Kendra has been a fixture in the online costuming world since the late 1990s. Her website, Démodé Couture, is one of the most well-known online resources for historical costumers. In the summer of 2014, she published a book on 18th-century wig and hair styling. Kendra is a librarian at a university, specializing in history and fashion. She’s also an academic, with several articles on fashion history published in research journals.

19 Responses

  1. throckmortonk

    Point of order: In Kama Sutra, Varma plays the princess’s companion/servant who becomes a courtesan and ends up in a love triangle with the king and a hunky sculptor

  2. Kaye Dacus

    The World without End: Apparently there was a hairpin shortage because they were all melted down to make metal grommets! Lol

  3. Michael McQuown

    Carnival Row. I haven’t seen most of the others/ I first saw her in “Leverage,” a series about a group of con artists who used their skills to help people who had been cheated. This is a theme that has been repeated in TV series going back to “The Rogues” with David Niven and Charles Boyer in the 50s.

    • jayoungr

      She was in Leverage? I’ve gotta look this up! And I vote for Carnival Row as well, since Bride and Prejudice isn’t technically a frock flick.

  4. Popka Superstar

    Throckmortonk is right, that was the plot. I honestly loved the Kama Sutra movie, but for the eye candy more than anything. It was sometimes good with the costumes and often fantastical and meant to be sexy. If you want to see any of the main actors look beautiful and/or naked and covered in costume jewellery, go for it.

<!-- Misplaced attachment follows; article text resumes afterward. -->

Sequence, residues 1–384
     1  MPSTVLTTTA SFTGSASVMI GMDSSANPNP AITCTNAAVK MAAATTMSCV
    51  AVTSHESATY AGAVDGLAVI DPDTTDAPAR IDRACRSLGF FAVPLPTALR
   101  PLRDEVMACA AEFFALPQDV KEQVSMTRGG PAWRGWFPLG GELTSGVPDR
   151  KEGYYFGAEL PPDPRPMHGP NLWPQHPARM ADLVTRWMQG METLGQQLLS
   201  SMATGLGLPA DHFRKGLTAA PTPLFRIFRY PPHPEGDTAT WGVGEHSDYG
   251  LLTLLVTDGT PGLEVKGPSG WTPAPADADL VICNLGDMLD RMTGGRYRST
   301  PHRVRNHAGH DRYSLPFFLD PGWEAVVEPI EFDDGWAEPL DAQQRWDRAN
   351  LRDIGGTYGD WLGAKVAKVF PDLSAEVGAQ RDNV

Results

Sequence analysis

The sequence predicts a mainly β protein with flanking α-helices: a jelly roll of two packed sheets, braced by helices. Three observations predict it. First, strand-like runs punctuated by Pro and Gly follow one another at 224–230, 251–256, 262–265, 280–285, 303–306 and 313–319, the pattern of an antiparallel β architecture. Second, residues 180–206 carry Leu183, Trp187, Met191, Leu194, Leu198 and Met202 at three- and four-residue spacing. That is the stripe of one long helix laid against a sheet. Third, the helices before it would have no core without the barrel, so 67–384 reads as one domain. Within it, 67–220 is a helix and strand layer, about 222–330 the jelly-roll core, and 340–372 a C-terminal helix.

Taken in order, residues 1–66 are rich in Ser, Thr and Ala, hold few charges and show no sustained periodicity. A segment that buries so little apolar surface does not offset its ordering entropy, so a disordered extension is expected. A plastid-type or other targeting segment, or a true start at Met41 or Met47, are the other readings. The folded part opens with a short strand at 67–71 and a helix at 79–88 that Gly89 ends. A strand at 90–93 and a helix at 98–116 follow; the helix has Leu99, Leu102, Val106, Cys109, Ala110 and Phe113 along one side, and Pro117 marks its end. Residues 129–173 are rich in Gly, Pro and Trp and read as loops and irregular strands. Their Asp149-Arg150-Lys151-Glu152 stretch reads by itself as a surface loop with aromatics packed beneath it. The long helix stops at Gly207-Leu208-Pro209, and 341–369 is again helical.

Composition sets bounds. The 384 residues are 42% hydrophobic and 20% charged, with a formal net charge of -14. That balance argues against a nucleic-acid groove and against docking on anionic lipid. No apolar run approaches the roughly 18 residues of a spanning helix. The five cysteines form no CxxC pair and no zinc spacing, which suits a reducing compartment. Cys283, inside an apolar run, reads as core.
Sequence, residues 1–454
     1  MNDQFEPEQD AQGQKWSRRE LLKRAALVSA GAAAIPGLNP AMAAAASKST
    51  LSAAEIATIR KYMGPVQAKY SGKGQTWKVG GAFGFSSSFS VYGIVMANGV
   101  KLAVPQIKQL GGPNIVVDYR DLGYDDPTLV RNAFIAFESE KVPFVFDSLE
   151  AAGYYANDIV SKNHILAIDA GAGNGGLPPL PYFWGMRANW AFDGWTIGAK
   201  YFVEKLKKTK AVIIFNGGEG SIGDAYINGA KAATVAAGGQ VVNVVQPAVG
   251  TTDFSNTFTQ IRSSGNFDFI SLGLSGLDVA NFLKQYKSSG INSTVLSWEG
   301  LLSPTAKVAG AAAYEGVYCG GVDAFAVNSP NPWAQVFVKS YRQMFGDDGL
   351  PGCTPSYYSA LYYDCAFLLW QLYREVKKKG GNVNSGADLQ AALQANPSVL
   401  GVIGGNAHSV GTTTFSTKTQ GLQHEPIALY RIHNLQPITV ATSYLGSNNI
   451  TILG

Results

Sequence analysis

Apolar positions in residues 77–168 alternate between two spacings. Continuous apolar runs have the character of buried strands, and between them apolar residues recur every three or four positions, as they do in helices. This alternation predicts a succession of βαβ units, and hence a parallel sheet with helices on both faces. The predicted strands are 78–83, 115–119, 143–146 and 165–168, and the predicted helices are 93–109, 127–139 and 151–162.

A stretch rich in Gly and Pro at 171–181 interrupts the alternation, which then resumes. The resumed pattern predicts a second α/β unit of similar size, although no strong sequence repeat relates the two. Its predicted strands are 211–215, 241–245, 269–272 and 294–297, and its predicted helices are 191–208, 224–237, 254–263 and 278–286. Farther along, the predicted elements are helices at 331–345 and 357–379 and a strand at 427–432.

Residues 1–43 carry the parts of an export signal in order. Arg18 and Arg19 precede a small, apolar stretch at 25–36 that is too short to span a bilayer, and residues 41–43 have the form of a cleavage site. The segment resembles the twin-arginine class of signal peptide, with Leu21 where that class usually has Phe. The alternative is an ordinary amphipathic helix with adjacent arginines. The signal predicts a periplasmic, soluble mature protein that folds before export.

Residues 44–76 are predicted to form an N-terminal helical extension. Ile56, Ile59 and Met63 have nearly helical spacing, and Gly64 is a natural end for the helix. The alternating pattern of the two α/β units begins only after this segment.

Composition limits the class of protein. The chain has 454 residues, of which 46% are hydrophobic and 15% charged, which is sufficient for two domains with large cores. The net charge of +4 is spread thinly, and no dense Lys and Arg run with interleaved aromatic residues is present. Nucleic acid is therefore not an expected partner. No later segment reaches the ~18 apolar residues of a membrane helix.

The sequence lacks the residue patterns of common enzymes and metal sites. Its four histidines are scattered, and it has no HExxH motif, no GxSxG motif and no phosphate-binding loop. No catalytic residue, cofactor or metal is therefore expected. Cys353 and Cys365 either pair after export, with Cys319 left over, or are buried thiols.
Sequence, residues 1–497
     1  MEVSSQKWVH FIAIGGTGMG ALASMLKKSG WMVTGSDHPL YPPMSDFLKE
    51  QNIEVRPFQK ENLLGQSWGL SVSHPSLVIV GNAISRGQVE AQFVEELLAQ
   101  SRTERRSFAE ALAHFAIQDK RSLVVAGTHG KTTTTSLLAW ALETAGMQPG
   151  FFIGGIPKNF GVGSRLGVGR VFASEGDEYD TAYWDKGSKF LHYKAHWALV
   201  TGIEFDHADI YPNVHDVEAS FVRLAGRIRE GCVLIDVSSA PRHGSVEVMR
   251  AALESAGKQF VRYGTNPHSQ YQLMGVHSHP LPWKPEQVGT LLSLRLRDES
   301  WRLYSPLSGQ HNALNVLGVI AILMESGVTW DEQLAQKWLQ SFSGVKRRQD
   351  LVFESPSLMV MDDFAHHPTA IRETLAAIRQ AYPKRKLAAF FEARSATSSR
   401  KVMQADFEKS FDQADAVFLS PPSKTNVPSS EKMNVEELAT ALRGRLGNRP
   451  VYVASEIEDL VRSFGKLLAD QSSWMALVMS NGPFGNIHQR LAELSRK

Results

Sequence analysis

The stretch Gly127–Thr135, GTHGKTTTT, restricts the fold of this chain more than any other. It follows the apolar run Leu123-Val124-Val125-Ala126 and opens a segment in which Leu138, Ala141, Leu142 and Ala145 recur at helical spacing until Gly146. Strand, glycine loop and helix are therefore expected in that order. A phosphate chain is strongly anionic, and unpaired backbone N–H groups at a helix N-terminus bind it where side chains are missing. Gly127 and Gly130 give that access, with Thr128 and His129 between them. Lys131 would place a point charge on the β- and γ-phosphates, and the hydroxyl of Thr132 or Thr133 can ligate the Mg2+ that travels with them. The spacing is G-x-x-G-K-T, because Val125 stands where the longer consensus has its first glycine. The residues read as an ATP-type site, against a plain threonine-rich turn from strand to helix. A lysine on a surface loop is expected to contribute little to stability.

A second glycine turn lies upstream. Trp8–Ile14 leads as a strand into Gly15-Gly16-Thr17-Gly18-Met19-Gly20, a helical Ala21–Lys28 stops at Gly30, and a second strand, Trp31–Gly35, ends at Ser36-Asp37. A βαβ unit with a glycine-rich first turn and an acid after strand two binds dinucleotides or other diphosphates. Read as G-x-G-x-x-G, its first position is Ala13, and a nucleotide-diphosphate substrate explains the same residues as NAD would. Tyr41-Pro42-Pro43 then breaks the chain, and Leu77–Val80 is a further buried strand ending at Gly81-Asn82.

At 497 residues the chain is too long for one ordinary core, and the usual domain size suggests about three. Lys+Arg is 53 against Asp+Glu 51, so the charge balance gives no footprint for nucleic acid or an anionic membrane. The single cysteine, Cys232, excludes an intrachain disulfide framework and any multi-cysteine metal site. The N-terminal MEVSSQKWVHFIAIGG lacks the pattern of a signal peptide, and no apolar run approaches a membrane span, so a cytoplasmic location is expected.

• Kathleen J Norvell

      I know. Beautiful people, beautiful costumes. Honestly, I would have drunk wine out of Naveen Andrews’ shoe (seriously, does anybody remember the other actors in The English Patient?).

      Varma also played John Luther’s (Idris Elba) in “Luther.” Sigh. Not a Frock Flick, I know.

  5. Roxana

    Is that a pearl bikini? Is that even a thing in India??
    There were no cotton prints in medieval england!!
    High priestess of what? I’m not even sure Ancient Egypt had high priestess! And those costumes are unspeakable!!!

    • Katie

      It’s meant to be a choli top composed entirely of pearls. Which probably isn’t a thing that actually existed, but it’s meant to be an example of how the king is descending into decadence and madness, so it works and doesn’t seem overly jarring in context.

  6. Lily Lotus Rose

    Ok, Kendra, you and I are opposites here…I saw Kama Sutra once years ago and it seared itself into my memory. Indira Varma is so beautiful she irritates me. She’s one of a handful of women who when I see them, I’m like “Why do I even bother?” Back to the filmography. Rome is one of my all-time favorite TV shows, so I have to go with that. I’ve seen her in several pieces, and I have to say that she has great taste in the projects she chooses to work on.

  7. Roxana

    Re.: Rome. I don’t think long skintight sleeves were a thing and in that last image she’s wearing a Greek peplos not a stola. Also I believe togas were always white or rather off white.